In space, the herpes virus wakes up in astronauts



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The longer the space missions, the greater the risk of reactivation of the herpes virus in astronauts. – Purestock / SIPA

  • Astronauts are often subject to "viral reactivation" of herpes, chickenpox or herpes zoster.
  • A phenomenon that is accentuated according to the duration of the space mission.
  • This could pose a risk to space mission projects for Mars.

Space exploration and herpes: a combination of detonation that, a priori, does not fit. However, a study by researchers at the NASA Johnson Space Center, recently published in the scientific journal Border Science News, shows that flights in
has the unfortunate consequence of reactivating latent viruses in the body, such as herpes (oral and
genital), chickenpox or herpes zoster. The cause? An intense stress and a drop in immune defenses. A discovery that may be problematic for a long time
Space missions to Mars and the Moon are planned.

Intense stress and deleterious effects of weight loss

If a mission in space is the ultimate dream of many children (and adults), few are the lucky ones who have the opportunity to use an astronaut combination. Despite the joy of realizing this, elected officials aboard a space shuttle for an inhabited flight are under a multifactorial stress: "NASA astronauts last for weeks or months exposed to microgravity and cosmic radiation, not to mention the extreme G force on takeoff and "to get into the atmosphere on Earth," says Dr. Satish K. Mehta, lead author of the study and researcher at NASA's Johnson Space Center.

"This physical challenge is aggravated by other well-known stressors, such as social separation, isolation and the sleep-wake cycle that is interrupted," adds the researcher. Stress is not without effect in the body. "During a space flight, we see an increase in the secretion of stress hormones, such as cortisol and adrenaline, known to inhibit the immune system," he adds.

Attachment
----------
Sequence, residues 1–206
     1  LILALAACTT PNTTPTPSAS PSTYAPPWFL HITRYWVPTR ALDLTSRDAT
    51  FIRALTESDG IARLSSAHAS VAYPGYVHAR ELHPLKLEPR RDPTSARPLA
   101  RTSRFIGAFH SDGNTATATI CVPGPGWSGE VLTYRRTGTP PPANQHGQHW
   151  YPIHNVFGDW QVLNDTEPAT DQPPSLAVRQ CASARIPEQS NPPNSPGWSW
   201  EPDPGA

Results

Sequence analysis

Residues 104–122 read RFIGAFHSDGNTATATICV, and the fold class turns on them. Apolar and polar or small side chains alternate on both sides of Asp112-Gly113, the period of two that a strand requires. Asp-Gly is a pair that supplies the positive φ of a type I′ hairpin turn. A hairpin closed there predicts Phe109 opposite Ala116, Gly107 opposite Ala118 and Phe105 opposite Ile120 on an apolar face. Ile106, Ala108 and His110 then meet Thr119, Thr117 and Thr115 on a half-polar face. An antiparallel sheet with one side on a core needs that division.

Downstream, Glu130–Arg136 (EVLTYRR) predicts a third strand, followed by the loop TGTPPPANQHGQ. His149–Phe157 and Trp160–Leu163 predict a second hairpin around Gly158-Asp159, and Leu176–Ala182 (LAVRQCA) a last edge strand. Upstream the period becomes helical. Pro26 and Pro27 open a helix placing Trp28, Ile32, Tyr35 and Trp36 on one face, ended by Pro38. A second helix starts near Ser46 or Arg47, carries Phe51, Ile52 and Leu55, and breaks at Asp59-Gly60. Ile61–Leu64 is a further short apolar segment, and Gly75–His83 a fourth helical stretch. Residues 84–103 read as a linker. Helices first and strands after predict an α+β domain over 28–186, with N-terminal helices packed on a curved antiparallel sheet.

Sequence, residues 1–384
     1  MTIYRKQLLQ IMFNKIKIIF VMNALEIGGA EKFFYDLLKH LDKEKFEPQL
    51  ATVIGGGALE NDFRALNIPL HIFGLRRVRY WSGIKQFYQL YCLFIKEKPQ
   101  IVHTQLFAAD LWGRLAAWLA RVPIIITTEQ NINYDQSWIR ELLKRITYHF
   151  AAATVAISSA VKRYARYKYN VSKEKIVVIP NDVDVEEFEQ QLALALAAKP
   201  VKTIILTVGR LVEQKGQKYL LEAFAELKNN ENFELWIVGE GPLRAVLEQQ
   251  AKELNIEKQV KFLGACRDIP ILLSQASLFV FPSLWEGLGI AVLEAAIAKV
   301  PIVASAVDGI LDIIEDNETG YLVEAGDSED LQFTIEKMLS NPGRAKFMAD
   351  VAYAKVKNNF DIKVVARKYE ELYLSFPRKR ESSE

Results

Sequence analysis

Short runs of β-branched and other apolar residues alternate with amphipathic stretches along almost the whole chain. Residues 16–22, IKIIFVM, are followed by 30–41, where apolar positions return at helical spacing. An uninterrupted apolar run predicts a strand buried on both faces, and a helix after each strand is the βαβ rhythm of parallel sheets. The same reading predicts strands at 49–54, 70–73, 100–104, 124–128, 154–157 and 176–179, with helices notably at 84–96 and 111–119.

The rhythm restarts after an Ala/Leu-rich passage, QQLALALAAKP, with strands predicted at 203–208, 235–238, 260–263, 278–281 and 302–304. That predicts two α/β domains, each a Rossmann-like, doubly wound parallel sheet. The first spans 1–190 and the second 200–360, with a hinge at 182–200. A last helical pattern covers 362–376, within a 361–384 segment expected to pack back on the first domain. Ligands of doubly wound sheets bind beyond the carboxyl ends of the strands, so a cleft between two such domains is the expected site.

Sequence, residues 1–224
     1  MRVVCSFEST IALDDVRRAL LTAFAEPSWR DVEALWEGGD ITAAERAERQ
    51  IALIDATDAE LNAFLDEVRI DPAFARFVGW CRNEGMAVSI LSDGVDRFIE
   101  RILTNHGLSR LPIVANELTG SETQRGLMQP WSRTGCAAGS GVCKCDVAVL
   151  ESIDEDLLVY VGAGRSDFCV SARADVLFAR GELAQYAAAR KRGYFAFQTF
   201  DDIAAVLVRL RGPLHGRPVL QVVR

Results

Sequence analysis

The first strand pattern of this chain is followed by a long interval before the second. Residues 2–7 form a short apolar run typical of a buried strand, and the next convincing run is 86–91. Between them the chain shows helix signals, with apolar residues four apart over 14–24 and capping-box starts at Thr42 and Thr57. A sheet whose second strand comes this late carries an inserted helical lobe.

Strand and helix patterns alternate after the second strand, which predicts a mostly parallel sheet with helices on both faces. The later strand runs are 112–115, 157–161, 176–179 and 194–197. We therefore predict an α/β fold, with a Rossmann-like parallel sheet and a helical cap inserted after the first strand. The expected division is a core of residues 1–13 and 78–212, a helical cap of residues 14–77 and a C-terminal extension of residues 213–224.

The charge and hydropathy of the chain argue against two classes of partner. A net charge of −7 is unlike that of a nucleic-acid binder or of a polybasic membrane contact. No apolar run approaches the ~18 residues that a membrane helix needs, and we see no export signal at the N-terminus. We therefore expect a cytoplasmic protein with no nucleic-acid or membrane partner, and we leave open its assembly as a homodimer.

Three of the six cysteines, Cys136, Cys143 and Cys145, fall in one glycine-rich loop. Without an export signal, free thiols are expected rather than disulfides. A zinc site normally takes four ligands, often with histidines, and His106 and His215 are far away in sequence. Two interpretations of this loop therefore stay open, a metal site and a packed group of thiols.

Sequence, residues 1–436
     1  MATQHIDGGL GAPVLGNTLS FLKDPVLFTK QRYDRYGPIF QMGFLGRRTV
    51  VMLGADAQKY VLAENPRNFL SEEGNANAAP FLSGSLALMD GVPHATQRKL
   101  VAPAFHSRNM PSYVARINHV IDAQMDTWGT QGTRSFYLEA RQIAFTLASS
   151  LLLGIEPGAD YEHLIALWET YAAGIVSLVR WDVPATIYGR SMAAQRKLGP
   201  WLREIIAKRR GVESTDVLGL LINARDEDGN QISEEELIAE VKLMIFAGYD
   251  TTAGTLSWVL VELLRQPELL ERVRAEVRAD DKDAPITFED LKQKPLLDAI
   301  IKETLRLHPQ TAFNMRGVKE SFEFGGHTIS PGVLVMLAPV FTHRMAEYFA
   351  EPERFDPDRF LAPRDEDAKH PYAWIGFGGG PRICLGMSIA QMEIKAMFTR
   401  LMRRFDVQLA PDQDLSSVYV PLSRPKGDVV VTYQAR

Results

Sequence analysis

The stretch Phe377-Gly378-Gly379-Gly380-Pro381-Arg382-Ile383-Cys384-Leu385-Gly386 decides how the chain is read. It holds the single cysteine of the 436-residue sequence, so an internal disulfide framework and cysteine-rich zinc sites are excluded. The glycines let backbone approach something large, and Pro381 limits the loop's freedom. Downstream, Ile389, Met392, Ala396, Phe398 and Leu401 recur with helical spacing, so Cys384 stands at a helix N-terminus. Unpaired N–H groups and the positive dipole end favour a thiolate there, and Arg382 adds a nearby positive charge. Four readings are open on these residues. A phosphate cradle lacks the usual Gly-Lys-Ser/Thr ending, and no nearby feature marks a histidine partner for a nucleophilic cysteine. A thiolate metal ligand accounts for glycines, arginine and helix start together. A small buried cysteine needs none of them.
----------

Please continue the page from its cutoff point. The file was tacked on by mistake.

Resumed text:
Besides stress, lack of weight also has deleterious effects on the body. "Bone mass and muscle mass are declining, and there are also repercussions on metabolism or sleep," said Dr. Arnaud Beck, coordinator of the cocktail study, who studied the effects of weight loss on volunteers who spent 60 days bed in Medes in Toulouse (CNES). But lack of weight "also has the effect of reducing the immune system," said the coordinating physician. This fragility explains in part
latent viruses can thus be reactivated in the body during space missions.

A potential problem in long missions

As part of their study, the researchers analyzed samples of saliva, blood and urine collected from 112 astronauts before, during and after space flight. "We found that astronaut immune cells, especially those that fight and normally kill viruses, are less effective during spaceflight, and sometimes up to 60 days after they return to Earth," Dr. Mehta says. Thus, among the 89 short-lived astronauts in which the samples were collected, the reactivation of the herpes virus was observed in the samples of 47 of them, but also in 14 of the 23 astronauts studied who left for a long mission. In contrast, only 6 of the 89 astronauts on a short space mission had a herpes outbreak.

Results that allow to deduce that the greater the space mission, and the most deleterious effects that it has on the body are important. This phenomenon of virus reactivation could eventually pose a problem for the continued conquest of space, while manned flights to the moon and long missions on Mars lie in the pipes of international space agencies. That is why it is "essential to develop space-flight countermeasures to prevent viral reactivation," insists Dr. Mehta, who focuses on "astronaut vaccination, available against shingles." The trials of other vaccines against the herpes virus are not promising, however, laments the researcher. Therefore, we are focusing on the development of therapeutic schemes targeted to people suffering the consequences of viral reactivation. "

But this research also benefits the general public. "Our work is of considerable clinical relevance to patients on Earth," says Dr. Mehta. Our technologies developed for space flight, for the rapid detection of saliva viruses, have already been used in clinics and hospitals around the world. "

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